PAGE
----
2 cloves garlic (finely chopped)
1 red chilli
50g/2oz root ginger (grated)
2 tbsps lemon juice
½ tsp coriander seeds
½ tsp cumin seeds
1 tsp cardamom
½ tsp turmeric
½ tsp salt
110g/4oz raisins (optional)
Boil the sugar in the vinegar in a large pan till dissolved.
Chop the mangoes and onions and then add these together with the garlic, chilli
and grated ginger to the pan. Bring to the boil, then reduce the heat. Allow to
simmer uncovered for about 45 minutes to an hour until the fruit is tender. Pound
the seeds and cardamon in a pestle and mortar. Add these spices, the turmeric and the lemon juice, mustard
powder, and salt. Finally, add the raisins, if using. Continue to simmer
for 5 to 10 more minutes until the chutney leaves a clear trail when a spoon is
drawn across. Allow to cool and then spoon into clean, sterilised jars.
Meryl’s tip :This chutney will be best eaten after a few months, when the
flavours have started to combine – that’s if you can wait!
Edwardian times, every large house had a Great Kitchen where the cook was in
charge. At Cusworth Hall in 1901, the Great Kitchen was the domain of Eliza Haddrill,
a 47 year old lady from Berkshire. She would meet her mistress, Lady Isabella
every morning to decide the menus for the day and with the help of the kitchen
maids, prepare meals for the family and servants.
the recent Servants’ Day, I got dressed up as Eliza to bake some recipes for
the visitors which the Servants might have eaten. I made a Slab Cake.
This is a light fruit cake which has no additional spices in the recipe so it retains
a simplicity which the servants would have enjoyed.
What you need to bake Slab Cake…
5 eggs (beaten)
2 tsps baking
How to bake …
Pre heat the oven Mark 2, 300F, 150C. Grease and line a 23 cm/9 inch square cake tin. Cream the butter and
sugar. Add the eggs gradually. Mix together the flour, baking powder, ground
almonds, fruit and walnuts. Add these to the creamed mixture. Bake for 1½ - 2 hours.
Meryl says :This was one of Grandma Abson’s recipes which she would have made at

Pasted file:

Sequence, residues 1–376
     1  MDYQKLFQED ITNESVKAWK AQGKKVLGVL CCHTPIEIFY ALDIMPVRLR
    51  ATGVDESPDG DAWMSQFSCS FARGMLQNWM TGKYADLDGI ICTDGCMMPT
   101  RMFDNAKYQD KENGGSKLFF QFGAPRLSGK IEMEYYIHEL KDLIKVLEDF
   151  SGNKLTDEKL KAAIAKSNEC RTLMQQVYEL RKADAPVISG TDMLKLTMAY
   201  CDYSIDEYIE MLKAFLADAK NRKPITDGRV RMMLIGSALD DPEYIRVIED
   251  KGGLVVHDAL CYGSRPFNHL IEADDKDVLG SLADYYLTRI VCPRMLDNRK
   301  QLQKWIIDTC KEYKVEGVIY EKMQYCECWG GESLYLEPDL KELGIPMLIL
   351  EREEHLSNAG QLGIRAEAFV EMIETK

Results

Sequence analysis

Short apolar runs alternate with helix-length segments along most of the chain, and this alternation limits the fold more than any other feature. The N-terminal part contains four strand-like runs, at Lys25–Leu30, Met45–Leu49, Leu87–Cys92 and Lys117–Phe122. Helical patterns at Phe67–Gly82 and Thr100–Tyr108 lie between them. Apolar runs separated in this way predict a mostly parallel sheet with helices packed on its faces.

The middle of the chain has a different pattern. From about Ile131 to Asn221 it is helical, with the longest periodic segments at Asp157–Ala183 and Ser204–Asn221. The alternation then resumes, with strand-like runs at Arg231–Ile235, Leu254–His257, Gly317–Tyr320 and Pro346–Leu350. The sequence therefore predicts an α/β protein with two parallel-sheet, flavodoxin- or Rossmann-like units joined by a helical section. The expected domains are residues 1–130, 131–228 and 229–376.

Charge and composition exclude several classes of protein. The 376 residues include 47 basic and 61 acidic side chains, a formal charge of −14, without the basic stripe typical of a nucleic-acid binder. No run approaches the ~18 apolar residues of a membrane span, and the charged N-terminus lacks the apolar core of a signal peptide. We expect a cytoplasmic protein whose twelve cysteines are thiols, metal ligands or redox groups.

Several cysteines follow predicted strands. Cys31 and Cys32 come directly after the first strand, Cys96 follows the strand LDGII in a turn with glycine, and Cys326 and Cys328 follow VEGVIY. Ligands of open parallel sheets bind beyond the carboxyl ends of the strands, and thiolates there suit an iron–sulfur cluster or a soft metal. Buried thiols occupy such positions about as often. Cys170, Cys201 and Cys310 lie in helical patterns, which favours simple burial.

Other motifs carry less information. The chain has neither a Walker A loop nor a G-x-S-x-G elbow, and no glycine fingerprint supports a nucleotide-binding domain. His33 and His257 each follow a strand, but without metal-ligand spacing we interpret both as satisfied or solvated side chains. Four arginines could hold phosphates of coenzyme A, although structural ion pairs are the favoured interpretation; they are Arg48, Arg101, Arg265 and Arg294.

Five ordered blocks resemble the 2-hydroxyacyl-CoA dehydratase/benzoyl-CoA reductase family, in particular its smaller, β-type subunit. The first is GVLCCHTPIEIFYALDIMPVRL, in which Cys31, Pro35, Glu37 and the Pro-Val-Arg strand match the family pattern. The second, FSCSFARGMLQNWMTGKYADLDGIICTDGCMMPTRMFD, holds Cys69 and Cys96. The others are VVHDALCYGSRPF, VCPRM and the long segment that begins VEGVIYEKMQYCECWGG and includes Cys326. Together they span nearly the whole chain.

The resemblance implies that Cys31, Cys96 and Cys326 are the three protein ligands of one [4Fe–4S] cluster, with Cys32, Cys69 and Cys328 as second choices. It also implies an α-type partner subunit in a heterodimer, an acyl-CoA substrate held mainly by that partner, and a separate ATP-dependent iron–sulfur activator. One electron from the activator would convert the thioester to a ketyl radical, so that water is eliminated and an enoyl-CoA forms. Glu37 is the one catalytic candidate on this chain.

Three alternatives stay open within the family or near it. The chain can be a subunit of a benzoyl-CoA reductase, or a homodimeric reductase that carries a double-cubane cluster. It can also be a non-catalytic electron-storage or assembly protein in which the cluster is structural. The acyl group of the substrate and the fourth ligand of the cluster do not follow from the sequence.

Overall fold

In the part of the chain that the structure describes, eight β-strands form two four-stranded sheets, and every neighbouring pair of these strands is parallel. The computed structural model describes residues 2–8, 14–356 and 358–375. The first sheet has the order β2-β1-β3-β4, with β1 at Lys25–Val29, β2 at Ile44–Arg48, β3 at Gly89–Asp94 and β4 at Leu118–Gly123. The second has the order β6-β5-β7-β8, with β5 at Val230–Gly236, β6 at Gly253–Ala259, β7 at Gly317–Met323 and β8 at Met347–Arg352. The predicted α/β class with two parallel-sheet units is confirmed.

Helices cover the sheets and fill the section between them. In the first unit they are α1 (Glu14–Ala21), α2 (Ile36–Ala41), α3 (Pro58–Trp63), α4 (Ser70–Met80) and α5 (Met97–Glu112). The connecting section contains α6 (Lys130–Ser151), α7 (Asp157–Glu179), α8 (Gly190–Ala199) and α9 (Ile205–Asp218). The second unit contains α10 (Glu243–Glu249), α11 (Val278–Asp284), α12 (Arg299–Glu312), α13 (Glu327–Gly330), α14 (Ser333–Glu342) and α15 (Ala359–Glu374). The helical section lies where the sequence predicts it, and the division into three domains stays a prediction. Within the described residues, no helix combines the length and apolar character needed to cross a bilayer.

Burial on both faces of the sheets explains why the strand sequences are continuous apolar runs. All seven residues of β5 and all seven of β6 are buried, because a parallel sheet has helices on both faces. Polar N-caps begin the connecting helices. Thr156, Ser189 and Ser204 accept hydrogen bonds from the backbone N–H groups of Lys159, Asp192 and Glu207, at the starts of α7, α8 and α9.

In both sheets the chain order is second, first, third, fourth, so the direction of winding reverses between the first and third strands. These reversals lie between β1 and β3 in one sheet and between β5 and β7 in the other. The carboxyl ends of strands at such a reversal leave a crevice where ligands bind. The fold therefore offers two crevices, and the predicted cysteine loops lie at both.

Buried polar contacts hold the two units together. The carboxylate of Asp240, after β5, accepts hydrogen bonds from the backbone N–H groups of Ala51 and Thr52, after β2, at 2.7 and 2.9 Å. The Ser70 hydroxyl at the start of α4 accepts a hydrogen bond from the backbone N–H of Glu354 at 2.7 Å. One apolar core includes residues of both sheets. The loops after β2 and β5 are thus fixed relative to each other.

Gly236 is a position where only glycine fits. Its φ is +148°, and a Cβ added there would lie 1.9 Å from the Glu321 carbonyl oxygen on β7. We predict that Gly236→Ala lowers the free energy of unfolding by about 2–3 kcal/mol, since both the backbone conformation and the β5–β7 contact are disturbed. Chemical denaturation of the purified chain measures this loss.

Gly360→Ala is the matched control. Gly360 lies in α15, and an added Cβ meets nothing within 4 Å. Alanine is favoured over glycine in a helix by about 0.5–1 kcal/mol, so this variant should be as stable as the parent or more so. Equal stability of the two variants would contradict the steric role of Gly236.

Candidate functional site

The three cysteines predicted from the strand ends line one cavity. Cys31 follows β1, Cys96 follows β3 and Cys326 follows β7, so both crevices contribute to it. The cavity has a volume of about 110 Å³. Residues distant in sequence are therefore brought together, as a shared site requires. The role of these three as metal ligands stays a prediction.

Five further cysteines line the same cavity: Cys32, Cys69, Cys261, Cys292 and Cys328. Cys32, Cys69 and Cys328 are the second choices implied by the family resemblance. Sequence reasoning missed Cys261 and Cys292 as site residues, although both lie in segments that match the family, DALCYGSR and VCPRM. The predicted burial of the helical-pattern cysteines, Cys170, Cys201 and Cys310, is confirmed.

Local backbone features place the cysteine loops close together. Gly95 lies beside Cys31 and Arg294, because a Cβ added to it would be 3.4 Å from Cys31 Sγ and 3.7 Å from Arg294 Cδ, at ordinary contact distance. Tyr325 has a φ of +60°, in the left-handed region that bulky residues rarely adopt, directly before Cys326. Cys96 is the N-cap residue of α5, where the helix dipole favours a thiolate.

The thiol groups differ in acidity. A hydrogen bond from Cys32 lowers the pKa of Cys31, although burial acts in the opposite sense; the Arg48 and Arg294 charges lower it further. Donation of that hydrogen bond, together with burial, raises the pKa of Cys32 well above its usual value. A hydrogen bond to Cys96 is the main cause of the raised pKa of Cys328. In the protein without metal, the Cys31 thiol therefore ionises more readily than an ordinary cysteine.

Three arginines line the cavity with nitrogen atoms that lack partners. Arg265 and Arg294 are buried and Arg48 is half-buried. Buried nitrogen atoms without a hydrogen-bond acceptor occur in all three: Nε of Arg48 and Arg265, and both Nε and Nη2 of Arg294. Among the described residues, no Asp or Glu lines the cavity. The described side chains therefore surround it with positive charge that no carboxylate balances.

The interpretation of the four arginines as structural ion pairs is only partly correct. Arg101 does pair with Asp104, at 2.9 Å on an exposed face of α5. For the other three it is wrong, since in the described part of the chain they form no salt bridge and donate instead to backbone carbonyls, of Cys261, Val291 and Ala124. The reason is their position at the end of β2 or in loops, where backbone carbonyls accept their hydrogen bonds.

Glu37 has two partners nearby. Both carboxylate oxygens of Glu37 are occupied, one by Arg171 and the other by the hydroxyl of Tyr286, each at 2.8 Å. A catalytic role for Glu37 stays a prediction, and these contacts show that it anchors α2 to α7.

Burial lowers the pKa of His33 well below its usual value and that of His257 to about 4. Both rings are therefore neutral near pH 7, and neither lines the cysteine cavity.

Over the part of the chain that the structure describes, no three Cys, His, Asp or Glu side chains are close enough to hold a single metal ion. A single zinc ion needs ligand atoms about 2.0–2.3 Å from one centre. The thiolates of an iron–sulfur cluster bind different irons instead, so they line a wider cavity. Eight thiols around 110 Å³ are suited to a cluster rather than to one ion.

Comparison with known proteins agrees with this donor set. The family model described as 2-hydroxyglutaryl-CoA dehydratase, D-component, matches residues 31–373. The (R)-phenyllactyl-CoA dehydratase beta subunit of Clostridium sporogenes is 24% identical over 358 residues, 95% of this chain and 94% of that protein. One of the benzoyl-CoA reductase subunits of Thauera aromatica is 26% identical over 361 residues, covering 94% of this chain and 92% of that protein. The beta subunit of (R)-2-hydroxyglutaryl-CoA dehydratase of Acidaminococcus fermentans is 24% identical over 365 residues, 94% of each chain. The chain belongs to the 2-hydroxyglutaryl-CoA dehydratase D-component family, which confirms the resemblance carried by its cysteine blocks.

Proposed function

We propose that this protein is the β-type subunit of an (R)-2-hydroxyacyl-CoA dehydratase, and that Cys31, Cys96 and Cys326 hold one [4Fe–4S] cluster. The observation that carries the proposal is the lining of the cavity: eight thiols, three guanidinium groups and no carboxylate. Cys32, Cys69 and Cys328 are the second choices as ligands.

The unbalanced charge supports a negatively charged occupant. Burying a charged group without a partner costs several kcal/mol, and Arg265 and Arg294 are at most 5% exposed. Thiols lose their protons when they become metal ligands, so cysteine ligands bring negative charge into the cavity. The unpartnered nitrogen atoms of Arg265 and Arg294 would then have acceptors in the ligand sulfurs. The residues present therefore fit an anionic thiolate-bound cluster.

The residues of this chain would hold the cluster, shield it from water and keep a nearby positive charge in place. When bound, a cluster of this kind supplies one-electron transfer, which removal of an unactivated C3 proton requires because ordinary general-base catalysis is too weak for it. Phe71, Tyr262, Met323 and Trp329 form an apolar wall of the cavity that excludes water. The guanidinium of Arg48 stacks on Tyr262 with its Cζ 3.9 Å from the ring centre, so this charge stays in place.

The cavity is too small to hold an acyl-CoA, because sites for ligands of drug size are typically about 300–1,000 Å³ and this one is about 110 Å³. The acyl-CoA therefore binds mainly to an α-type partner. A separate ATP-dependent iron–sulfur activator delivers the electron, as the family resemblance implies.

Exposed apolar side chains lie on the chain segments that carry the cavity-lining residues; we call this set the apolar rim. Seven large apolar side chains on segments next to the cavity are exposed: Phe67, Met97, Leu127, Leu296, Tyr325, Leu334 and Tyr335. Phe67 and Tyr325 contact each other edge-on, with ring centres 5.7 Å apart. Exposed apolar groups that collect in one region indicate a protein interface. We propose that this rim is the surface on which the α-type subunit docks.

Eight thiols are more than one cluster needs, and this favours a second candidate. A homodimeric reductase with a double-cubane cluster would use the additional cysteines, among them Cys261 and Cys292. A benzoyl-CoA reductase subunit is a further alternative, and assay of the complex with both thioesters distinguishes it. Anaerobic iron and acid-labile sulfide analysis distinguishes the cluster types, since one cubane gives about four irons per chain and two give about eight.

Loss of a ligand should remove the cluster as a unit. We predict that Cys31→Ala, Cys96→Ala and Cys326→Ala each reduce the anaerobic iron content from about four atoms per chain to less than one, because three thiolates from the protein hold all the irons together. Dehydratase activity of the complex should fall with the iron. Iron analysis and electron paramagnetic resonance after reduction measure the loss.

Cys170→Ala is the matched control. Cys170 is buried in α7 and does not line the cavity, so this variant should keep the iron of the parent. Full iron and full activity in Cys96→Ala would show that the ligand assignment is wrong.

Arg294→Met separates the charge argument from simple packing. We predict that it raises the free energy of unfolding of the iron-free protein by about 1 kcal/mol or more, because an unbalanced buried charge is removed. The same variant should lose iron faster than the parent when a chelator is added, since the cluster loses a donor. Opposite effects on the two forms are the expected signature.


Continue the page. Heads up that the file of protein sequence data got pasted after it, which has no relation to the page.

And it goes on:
Oakleigh when she was a cook in service in Edwardian times. This cake got the thumbs up with the visitors, alongside theGround Rice Cake. I hope you enjoy it too!
know that at the beginning of the Edwardian era in 1901, Cusworth Hall was a grand
establishment. There were 11 servants living in the Hall, including the
housekeeper, butler, cook, kitchen maid, a scullery maid and 2 housemaids and many
others were employed in the house and on the estate. The cook would need to
provide food for all these employees as well the family and guests at the
year, Servants' Day included visits to the Servants Quarters and the Great
Kitchen. I baked some of the recipes which the servants might have eaten during
their daily routine. They would gather at 11.00 in the Servants Hall for morning
tea and to receive instructions. The cakes the cook provided for them would have been
plain, made with cheaper ingredients so I think Ground Rice Cake would have
been a popular choice.
What you need …
Few drops lemon
extract or zest of 1 lemon
How to bake …
Preheat the oven to 325F, Mark 3, 170 C. Separate
the egg whites and whisk well. Beat the yolks and butter to a cream with the sugar
and then mix with the flour and ground rice. Fold in the egg whites. Add the
lemon zest or extract. It may be flavoured with almond extract instead of
lemon. Put the mixture in a lined loaf tin. Bake for approximately 1 hour.
Meryl says :Visitors to the Hall
enjoyed trying out Ground Rice Cake. It reminded some of them of Ground Rice
Pudding. Others liked the lemon taste and the distinct grainy texture of Ground
Rice. Try it at home and see what you think. I'll be adding another recipe from Servants' Day soon so look out for Slab Cake!